Marginal Benefit in Economics: Definition & Example

Marginal Benefit in Economics: Definition & Example
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  • 0:02 A First Look at…
  • 0:53 What Is Marginal Benefit?
  • 1:33 Example of Marginal Benefit
  • 2:12 Lesson Summary
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Lesson Transcript
Instructor: Brianna Whiting
In this lesson, we'll learn about marginal benefit. We'll define the term and look at some examples. We'll also learn how to calculate marginal benefit.

A First Look at Marginal Benefit

We all love that sweet treat that we occasionally give into. You know what I am talking about - that piece of cake or candy bar. Whatever your guilty pleasure, we know it's a special treat because we limit ourselves to only occasionally indulging in it.

Let's imagine that, after a hard week of work, you decide to treat yourself to a cupcake at your favorite bakery. After eating your cupcake, you think to yourself, 'My week was so stressful, I deserve a second cupcake!' While standing in line a second time, you notice that there's only one more of your favorite cupcake left, and there is another customer ahead of you. While that customer might choose something else, you worry that the cupcake will be gone. After your long stressful week, you need the satisfaction of consuming one more cupcake. What you need to experience is marginal benefit.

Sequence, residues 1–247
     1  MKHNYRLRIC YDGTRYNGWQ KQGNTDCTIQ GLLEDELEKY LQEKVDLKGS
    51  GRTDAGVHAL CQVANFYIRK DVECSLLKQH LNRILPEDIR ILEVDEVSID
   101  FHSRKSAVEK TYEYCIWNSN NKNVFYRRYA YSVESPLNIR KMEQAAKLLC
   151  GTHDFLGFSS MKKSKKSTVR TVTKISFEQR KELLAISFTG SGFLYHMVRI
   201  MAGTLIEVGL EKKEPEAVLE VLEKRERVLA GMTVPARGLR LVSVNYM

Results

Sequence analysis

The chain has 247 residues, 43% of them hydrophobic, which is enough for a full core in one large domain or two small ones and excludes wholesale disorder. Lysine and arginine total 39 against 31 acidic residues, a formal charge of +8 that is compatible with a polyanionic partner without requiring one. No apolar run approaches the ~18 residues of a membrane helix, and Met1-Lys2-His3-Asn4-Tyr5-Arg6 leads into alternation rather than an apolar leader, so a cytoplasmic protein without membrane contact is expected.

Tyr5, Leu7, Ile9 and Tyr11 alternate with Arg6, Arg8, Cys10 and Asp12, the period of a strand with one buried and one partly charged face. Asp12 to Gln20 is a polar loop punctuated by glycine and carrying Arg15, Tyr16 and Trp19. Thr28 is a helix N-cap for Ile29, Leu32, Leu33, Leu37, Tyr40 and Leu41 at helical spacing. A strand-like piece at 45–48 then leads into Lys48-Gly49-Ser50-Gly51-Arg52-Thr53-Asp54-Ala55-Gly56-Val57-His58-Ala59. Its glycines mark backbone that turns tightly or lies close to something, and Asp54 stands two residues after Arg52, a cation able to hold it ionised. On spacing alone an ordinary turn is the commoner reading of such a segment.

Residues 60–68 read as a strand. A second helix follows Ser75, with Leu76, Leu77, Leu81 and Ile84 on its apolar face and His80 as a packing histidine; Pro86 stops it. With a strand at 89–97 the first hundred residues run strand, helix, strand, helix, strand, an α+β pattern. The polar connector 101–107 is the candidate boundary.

What Is Marginal Benefit?

So, what does the term marginal benefit mean? It's the additional satisfaction that we get when we consume an additional good or service. It's also the maximum amount we're willing to pay so we can consume that additional good or service. So, in our bakery example, our marginal benefit is the satisfaction we get when we eat one more cupcake. It's also the maximum amount of money we are willing to pay so that we can purchase that last cupcake before someone else does. It's important to note that the more goods or services we consume, the less we're willing to pay for each additional good or service. This is because the benefit of that good or service decreases as the quantity consumed increases.

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